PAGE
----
The right to privacy is enshrined in Section 14 of South Africa’s Constitution and we understand it to be a vital human right. It states:
“Everyone has the right to privacy, which includes the right not to have –
(a) their person or home searched;
(b) their property searched;
(c) their possessions seized;
(d) the privacy of their communications infringed.”
It’s the last part of the abovementioned list that is becoming a growing concern. All around the world more and more focus is being placed on protecting private information as countries and governments are setting new laws to ensure the safety of their citizen’s information online.
In an age where information is growing at an exponential rate, no digital exchange of information can be left unprotected. For this reason, the Protection of Personal Information (POPI) Act comes into full effect from the 1st of July 2021.
Non-compliance could carry hefty fines, but as with most regulatory pieces of legislation, compliance is more than just a box to tick. Let’s consider why personal information should be protected:
Protection of data is very much a protection of the information that people hold as important. By capturing, storing, and processing personal information, you are essentially guaranteeing the confidentiality of your transactions with the other party.
Confidentiality is built upon when you can guarantee that none other than you yourself are able to access and process the information you store. Having a secure database stored with good encryption on your servers is a good way to keep to the promise of security you give to your customers/clients.
In a similar vein, data protection ensures that data remains accurate and integrous. Your customers/clients need to be sure that all their data is current and accurate, and that no manipulation of the data can take place.
Furthermore, to ensure the integrity of information, the data needs to be frequently backed up while remaining synchronous (i.e. whenever a change is made that change must reflect in the backup in as little time as possible).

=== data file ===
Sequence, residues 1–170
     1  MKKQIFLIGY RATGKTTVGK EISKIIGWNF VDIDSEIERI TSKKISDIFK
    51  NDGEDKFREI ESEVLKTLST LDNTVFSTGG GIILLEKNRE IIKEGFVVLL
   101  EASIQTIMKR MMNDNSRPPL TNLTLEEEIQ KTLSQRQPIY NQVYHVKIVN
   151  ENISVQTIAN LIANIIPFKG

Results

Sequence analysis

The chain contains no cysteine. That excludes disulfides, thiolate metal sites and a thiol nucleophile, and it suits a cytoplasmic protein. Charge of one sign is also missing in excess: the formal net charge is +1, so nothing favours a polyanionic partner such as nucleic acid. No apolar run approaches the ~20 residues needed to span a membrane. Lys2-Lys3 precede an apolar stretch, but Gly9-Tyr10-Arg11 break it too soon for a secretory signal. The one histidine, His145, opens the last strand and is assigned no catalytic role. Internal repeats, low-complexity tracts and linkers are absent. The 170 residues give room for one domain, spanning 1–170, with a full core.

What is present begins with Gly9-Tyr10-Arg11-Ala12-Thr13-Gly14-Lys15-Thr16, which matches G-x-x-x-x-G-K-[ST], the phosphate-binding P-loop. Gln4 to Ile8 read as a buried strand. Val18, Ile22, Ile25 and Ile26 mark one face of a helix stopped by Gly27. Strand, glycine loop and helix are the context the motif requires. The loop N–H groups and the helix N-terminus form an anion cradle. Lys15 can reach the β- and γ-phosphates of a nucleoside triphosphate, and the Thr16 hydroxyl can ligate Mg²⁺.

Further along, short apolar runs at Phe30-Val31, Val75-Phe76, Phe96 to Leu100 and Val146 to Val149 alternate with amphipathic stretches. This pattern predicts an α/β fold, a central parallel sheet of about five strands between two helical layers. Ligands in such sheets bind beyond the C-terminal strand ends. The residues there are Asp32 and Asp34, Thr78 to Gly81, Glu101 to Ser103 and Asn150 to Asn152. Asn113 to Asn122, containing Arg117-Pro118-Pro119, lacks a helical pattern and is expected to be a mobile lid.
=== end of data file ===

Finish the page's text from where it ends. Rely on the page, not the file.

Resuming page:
Safeguards can also be put in place to ensure that no data is duplicated or stolen.
With regard to information storage and access, trust is built when your data subjects know that their data will always be available when and where they need it. Readily available data and the ability to request changes to the data with little to no delay are ways to build trust and assure data subjects that you are handling their data ethically.
At the end of the day, how you handle information is a question of ethics. What the POPI Act brings is a sense of relief in a modern age that there will be repercussions for the mismanagement of data and that there is greater regulation of data management.
Soon the everyday consumer will have a lot more protection against unwanted marketing and unethical data practices – practices that have been allowed to go on for too long. For those who are still lagging behind, the time is ticking and failure to become fully POPI Act compliant could hold serious consequences. Make sure to get your matters in order before 1 July 2021.
This article is a general information sheet and should not be used or relied on as legal or other professional advice. No liability can be accepted for any errors or omissions nor for any loss or damage arising from reliance upon any information herein. Always contact your legal adviser for specific and detailed advice. Errors and omissions excepted (E&OE)